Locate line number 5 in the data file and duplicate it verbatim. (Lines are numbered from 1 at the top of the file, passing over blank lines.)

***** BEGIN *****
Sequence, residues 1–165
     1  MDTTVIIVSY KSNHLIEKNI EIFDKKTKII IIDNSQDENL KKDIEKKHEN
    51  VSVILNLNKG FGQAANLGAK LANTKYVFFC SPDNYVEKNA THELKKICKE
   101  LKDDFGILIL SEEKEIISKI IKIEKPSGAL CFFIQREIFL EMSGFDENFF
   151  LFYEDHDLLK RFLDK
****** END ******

   151  LFYEDHDLLK RFLDK